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Skeletal Response to Resistance and Impact Training in Prostate Cancer Survivors


Medicine & Science in Sports & Exercise: August 2014 - Volume 46 - Issue 8 - p 1482–1488
doi: 10.1249/MSS.0000000000000265
Clinical Sciences

Introduction Androgen deprivation therapy (ADT) is associated with significant bone loss and an increase in fracture risk among prostate cancer survivors (PCS). We investigated whether impact + resistance training could stop ADT-related declines in bone mineral density (BMD) among PCS on ADT.

Methods We randomized 51 PCS (mean age, 70.2 yr) currently prescribed ADT to participate in 1 yr of impact + resistance training (Prevent Osteoporosis with Impact + Resistance (POWIR)) or in an exercise placebo program of stretching exercise (FLEX). Outcomes were proximal femur (total hip, femoral neck, and greater trochanter) and spine (L1–L4) BMD (g·cm−2) and bone turnover markers (serum osteocalcin (ng·mL−1) and urinary deoxypyrodinoline cross-links (nmol·mmol−1 Cr)).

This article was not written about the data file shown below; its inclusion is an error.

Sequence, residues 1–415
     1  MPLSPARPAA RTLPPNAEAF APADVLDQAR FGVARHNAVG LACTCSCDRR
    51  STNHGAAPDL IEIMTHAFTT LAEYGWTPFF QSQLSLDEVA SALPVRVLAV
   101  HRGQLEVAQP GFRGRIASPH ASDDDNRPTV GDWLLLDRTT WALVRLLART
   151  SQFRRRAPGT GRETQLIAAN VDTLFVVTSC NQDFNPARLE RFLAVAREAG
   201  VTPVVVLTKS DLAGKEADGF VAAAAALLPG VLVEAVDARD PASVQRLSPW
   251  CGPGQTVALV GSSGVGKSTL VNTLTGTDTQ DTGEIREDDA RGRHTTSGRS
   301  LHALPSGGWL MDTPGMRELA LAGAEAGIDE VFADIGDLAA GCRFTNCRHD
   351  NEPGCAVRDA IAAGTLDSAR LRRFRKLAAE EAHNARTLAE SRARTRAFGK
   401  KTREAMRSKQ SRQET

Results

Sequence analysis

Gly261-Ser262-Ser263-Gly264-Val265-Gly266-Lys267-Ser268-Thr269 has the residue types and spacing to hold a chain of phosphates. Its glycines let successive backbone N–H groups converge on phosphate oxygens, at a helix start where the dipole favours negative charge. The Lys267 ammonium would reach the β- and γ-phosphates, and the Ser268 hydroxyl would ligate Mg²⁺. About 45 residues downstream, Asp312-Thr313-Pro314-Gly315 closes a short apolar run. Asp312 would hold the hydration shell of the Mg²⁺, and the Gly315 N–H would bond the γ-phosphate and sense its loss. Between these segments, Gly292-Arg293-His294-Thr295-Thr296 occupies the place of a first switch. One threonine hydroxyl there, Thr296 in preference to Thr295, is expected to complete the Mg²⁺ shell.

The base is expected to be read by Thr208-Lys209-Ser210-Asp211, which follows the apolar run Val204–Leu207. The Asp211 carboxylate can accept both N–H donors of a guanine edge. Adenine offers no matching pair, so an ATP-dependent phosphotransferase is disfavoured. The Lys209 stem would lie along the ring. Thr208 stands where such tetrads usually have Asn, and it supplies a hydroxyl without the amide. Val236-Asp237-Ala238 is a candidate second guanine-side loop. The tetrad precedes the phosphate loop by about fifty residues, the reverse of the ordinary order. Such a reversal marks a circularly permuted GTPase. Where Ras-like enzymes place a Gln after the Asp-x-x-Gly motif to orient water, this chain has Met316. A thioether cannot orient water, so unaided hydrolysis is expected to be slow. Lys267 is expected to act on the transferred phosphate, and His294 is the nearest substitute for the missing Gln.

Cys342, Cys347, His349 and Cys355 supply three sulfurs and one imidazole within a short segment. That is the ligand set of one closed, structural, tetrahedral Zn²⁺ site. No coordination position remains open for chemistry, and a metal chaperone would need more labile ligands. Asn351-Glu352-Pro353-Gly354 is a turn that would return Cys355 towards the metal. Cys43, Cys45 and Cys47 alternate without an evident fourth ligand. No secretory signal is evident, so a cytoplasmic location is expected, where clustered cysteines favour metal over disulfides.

Results Retention in the 1-yr study was 84% and median attendance to supervised classes was 84% in POWIR and 74% in FLEX. No study-related injuries were reported. There were no significant differences between groups for average L1–L4 BMD or for BMD at any hip site. When examining individual vertebrae, POWIR has a significant effect on preservation of BMD (−0.4%) at the L4 vertebrae compared with losses (−3.1%) in FLEX (P = 0.03).

Conclusion Impact + resistance training was a safe and acceptable form of exercise for older PCS on ADT. Among our limited sample, POWIR did not appear to have a clinically meaningful effect on hip or spine BMD, but some evidence of skeletal adaptation to resistance + impact training in an androgen-deprived state was apparent. Future studies need to be conducted on a larger sample of patients and should consider modifications to POWIR that could further enhance loading across the spine and at the hip to preserve BMD at these clinically relevant sites.

1School of Nursing, Oregon Health and Science University, Portland, OR; 2School of Medicine, Oregon Health and Science University, Portland, OR; and 3Knight Cancer Institute, Oregon Health and Science University, Portland, OR; 4Department of Exercise and Sport Science, School of Biologic and Population Health, Oregon State University, Corvallis, OR

Address for correspondence: Kerri Winters-Stone, Ph.D., Oregon Health and Science University, 3455 SW US Veteran’s Hospital Rd., Mailcode: SN-ORD, Portland, OR 97239; E-mail:

Submitted for publication November 2013.

Accepted for publication December 2013.

© 2014 American College of Sports Medicine